Rhea: No, I mean… my wife is giving me hope. I mean she’s been a leader since the moment I met her and an organizer and a changer of hearts and that’s what we need to keep doing. And the other thing that’s giving me hope is how much our community is coming together and opening up and understanding each other and listening to each other. It seems like there’s a lot of negativity but throughout all of it there’s a lot of connectedness and family, and I think we’re really getting back to our core strength which is loving each other.
Cameron: Yeah, and that’s why the work that you guys do matters so much. There’s a lot of news organizations that cover this today, but you’re covering it every day.
Rhea: Well, that’s a tagline for ya!
Jacob Tobia, advocate/writer/producer
“Queer history gives me hope. Because every time I read about where we’ve come from and where we’ve gone, when I think about really incredible queer leaders, like Sylvia Rivera, Marsha P Johnson and Miss Major Griffin-Gracy — when I think about all the elders who came before me I think: we can get through this. You can get through this. They did it, you can do it. We can do it.”
Luke Perry, Riverdale (but obviously DYLAN MCKAY FROM BEVERLY HILLS 90210)
On the red carpet there are handlers who ask you ahead of time if you want to talk to the next person coming your way, and after turning down a male human for the 56th time, we just went ahead and informed them that “we don’t want to talk to any men except for Luke Perry.” And we did! And he was very sweet.
Luke: My children. My daughter who picked out this tie. She wanted me to look like Tim Gunn tonight. I’m hoping I do.
Kristin: That’s kinda on brand.
Luke: That’s kinda what I’m going for, yeah. Let that be read and let that be known, I’m a huge Tim Gunn fan.
Kristin: Tim Gunn brings you hope?
Luke: Tim Gunn brings me hope.
Nneka Onuorah, director of The Same Difference documentary
“Seeing more stories with people who look like me, a black lesbian woman, gives me hope, Seeing more stories told authentically on screen. I think as people in positions of power in media, we have the power to influence the world with our art. So seeing movies like Moonlight, seeing Hidden Figures, that’s inspiring. And I think that it’s really creating change in the world.”
Sarah Kate Ellis, GLAAD President/CEO
“A night like tonight gives me a lot of hope, when people gather around to celebrate the great achievements that we’ve made for the LGBTQ community and also to look at what the plan is moving forward — how we’re going to protect all that we’ve achieved and how we’re going to protect the most vulnerable in our community.”
Kylar W. Broadus, trans activist / writer / lawyer / professor / lobbyist / public speaker
“The resilience in the streets gives me hope. People not backing down. Our unity that has come forward during this time of need. We cannot back down, we must continue our resilience against the backmindedness that has taken over in this country. We are all human beings and that resilience must continue and that gives me hope.”
Shelby Rabara, Steven Universe
“LGBTQIA representation in childrens media, actually, gives me hope. I’m in the show Steven Universe, I play Peridot, and we’re nominated for best comedy series tonight and I think being on a show like that gives me hope because we’re educating young kids that it’s okay to be different, and it’s okay to love someone of your same gender, and it’s okay to identify as different gender identities. Working with Rebecca Sugar and the rest of the Steven Crewniverse gives me hope. When I’m recording, it’s not just a voiceover job. I feel like I’m really adding to a show that is really making a difference. So I think being a part of Steven Universe really keeps me going and it really gives me hope because I had so many kids come up to me at Comic Con and say to me thank you so much for your work, we really identify with Peridot, we identify with her angry outbursts because she says whatever she wants. Just being a part of a show that has so much children’s visibility with the subjects we cover gives me so much hope, and that makes it easy to wake up every day in this current climate.”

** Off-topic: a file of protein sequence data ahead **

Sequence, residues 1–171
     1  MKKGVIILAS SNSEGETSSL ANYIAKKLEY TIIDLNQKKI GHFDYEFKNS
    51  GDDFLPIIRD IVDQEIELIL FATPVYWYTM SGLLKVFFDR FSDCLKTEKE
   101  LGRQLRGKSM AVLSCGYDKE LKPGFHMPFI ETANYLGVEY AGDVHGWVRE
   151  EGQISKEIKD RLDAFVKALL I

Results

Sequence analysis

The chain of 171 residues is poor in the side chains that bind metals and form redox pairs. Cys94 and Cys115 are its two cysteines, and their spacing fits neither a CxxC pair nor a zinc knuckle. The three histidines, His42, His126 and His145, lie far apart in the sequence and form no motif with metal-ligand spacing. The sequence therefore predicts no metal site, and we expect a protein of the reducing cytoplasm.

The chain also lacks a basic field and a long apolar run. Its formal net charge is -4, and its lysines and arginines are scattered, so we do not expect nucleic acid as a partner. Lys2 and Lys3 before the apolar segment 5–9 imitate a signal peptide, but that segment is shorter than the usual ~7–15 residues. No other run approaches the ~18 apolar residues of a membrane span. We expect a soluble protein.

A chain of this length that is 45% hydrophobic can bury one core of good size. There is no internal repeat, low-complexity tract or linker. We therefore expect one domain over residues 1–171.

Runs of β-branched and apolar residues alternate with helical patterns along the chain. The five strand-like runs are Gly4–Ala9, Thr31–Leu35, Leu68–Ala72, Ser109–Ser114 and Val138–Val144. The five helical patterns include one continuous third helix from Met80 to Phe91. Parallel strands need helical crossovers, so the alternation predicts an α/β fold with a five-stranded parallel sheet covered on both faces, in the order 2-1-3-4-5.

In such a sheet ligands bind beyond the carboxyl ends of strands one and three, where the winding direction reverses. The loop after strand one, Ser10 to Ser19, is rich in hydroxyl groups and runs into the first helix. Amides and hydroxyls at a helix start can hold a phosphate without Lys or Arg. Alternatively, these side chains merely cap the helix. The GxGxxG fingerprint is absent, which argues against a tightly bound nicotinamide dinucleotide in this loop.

The GLAAD Awards Ceremony
Cameron Esposito was my favorite GLAAD Awards host of all time. Very good at jokes and hosting!
Patricia Arquette received the Vanguard Award, presented by Jeffrey Tambor and Luke Perry, who spoke, as did Patricia, about the late Alexis Arquette, Patricia’s trans sister who died last year. Luke and Alexis had been friends for decades, and he choked up introducing Patricia. From Patricia’s speech:
Alexis challenged the movie industry at its core. She had a very successful career as an actor. Alexis knew she was risking losing work by living her truth. That she would lose parts by living as a trans woman. She risked it all because she couldn’t live a lie. Whatever mark I have made in this life in activism will always pale in the light of Alexis’s bravery. She did not knock on the door of progress. She kicked the door open.
Transparent won for Outstanding Comedy Series. The cast and crew came together on stage but let trans women have the mike, lead by Alexandra Billings.
Moonlight won for Outstanding Picture – Wide Release, and they got that right the first time! There were only two nominees in this category this year but I think we all know Moonlight would’ve won even if there had been 500 nominees.
Troye Sivan, the youngest-ever recipient of the Stephen F. Kolzak Award — presented to an LGBTQ media professional who has made a significant difference in promoting equality and acceptance — was very impressive.
He spoke on the importance of LGBTQ media representation, as did everybody, but he also did a really important thing for a young white cis gay man to do, which is to pay tribute to and draw attention to those who came before him.
“While I’m so thankful and fortunate to have this award, I’d like to share it with the warriors who made it possible but maybe didn’t get one for themselves. So, this award is for Peter Staley, one of the featured activists in How to Survive A Plauge. Peter was one of the driving forces behind ACT UP!, the founder of the Treatment Action Group, and a personal hero of mine. This is for Marsha P Johnson and Sylvia Rivera, the godmothers of the Stonewall riots who also founded a transgender rights group in the 1970s. This is for Bayard Rustin, an openly gay civil rights leader who worked alongside Martin Luther King Jr and was largely written out of history due to homophobia. This is for Gilbert Baker, the creator of the rainbow flag, a symbol of pride who we sadly lost yesterday. This is for the Edie Windsors and the James Baldwins of the world, and the list goes on.”